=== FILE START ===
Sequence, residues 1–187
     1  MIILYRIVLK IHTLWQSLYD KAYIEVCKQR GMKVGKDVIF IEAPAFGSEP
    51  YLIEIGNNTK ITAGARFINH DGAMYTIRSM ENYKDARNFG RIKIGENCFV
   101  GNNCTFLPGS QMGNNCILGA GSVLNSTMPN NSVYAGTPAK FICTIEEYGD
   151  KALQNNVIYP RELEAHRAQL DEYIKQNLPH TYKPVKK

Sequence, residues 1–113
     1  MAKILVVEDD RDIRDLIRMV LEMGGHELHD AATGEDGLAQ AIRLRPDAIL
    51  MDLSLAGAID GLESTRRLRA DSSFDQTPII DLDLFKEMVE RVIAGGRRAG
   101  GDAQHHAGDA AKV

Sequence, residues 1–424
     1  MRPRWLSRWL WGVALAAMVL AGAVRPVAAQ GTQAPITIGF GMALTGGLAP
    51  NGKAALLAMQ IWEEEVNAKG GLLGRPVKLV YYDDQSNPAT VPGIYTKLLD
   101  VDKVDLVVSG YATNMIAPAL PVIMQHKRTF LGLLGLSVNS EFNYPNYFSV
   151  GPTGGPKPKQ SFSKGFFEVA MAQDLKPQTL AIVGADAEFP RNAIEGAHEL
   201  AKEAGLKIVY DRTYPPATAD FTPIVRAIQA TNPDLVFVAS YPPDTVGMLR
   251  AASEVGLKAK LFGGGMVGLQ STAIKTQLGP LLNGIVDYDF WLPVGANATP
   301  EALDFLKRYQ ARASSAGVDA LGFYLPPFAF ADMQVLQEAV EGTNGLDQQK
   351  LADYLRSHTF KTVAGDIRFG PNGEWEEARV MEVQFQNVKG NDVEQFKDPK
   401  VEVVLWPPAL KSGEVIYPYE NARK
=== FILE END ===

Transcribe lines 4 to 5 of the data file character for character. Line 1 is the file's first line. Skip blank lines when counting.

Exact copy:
   101  GNNCTFLPGS QMGNNCILGA GSVLNSTMPN NSVYAGTPAK FICTIEEYGD
   151  KALQNNVIYP RELEAHRAQL DEYIKQNLPH TYKPVKK